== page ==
Material properties depend on their fabricated structure and orientation. It is thus important to develop rapid nondestructive techniques that will both allow determination of the orientation fabricated, and identify any changes that occur over time as a result of subsequent in service environmental conditions.
The present study examines the relationship between the thermal penetration time and planarity in polyimide films. Polyimides are advanced materials that have good high temperature stability, excellent dimensional stability, and excellent mechanical, electrical, and chemical resistance properties. The samples tested were specially prepared to range in orientation from three dimensionally random to highly planar. The molecular structure and orientation in the polyimide film was characterized by polarizing microscope techniques, while the thermal penetration time measurements utilized a new rapid nondestructive modified hot wire instrument.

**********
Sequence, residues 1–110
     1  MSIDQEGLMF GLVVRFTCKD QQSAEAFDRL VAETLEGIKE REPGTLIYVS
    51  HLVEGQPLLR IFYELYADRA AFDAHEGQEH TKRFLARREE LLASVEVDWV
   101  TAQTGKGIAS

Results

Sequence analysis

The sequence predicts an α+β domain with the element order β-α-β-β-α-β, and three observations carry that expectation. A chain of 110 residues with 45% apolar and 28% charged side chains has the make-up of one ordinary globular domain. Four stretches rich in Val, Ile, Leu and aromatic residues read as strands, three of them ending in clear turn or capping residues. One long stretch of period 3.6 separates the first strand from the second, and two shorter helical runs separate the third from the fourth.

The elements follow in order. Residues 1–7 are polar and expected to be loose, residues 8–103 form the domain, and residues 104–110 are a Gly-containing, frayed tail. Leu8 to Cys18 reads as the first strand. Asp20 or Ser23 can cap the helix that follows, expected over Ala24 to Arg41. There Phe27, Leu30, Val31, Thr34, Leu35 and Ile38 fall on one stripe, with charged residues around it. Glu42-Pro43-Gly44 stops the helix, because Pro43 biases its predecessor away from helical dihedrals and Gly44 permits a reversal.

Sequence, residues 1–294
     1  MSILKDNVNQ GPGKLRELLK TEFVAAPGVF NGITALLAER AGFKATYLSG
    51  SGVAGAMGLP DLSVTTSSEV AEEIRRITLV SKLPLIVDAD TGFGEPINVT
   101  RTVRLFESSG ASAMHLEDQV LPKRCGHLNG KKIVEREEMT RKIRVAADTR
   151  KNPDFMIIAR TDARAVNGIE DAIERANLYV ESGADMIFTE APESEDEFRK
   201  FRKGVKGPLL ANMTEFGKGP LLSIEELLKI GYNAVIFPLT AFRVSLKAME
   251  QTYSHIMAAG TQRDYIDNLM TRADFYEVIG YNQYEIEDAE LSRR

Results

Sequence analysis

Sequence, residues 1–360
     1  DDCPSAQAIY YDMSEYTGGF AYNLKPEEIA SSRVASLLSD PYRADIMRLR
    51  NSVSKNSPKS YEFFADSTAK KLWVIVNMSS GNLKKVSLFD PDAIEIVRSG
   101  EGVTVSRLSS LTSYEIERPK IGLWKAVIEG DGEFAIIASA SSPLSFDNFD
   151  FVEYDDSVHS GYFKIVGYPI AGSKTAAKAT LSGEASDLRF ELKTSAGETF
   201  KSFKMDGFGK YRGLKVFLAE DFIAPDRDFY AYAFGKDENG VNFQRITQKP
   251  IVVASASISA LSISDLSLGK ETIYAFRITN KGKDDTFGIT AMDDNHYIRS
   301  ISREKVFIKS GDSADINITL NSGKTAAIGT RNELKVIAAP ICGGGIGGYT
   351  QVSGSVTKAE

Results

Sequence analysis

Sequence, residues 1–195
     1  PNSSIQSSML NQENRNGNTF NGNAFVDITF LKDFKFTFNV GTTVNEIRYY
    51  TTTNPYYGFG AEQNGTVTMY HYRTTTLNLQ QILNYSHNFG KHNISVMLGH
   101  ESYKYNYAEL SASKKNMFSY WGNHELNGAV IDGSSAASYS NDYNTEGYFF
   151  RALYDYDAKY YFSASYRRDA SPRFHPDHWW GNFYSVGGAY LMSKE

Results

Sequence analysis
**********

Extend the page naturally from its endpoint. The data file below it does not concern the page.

This correlation will be the first time thermal penetration time has been measured by modified hot wire techniques and related to the internal structure of a polyimide. The work contributes to a deeper theoretical understanding of heat transfer mechanisms as they relate to orientation. Thermal penetration time evaluation could provide a new tool in the arsenal of structural characterization techniques.
This relationship between thermal penetration time and orientation is key for film manufacturers. Such a correlation has potential to speed the development cycles of new materials and assure properties during production and end-use applications.